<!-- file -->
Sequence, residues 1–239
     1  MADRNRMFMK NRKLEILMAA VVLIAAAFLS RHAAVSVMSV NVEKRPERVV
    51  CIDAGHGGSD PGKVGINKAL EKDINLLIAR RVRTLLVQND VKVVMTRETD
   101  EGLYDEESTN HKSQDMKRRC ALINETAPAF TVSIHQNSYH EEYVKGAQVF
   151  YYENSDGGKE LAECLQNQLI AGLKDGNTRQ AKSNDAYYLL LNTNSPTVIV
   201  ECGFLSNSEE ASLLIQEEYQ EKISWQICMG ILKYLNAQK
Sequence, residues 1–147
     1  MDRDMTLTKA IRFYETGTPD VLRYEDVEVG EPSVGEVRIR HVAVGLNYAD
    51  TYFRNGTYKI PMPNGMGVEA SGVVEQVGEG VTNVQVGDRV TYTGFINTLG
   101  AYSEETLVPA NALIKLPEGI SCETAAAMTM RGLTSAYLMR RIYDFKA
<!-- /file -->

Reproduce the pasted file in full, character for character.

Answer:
Sequence, residues 1–239
     1  MADRNRMFMK NRKLEILMAA VVLIAAAFLS RHAAVSVMSV NVEKRPERVV
    51  CIDAGHGGSD PGKVGINKAL EKDINLLIAR RVRTLLVQND VKVVMTRETD
   101  EGLYDEESTN HKSQDMKRRC ALINETAPAF TVSIHQNSYH EEYVKGAQVF
   151  YYENSDGGKE LAECLQNQLI AGLKDGNTRQ AKSNDAYYLL LNTNSPTVIV
   201  ECGFLSNSEE ASLLIQEEYQ EKISWQICMG ILKYLNAQK
Sequence, residues 1–147
     1  MDRDMTLTKA IRFYETGTPD VLRYEDVEVG EPSVGEVRIR HVAVGLNYAD
    51  TYFRNGTYKI PMPNGMGVEA SGVVEQVGEG VTNVQVGDRV TYTGFINTLG
   101  AYSEETLVPA NALIKLPEGI SCETAAAMTM RGLTSAYLMR RIYDFKA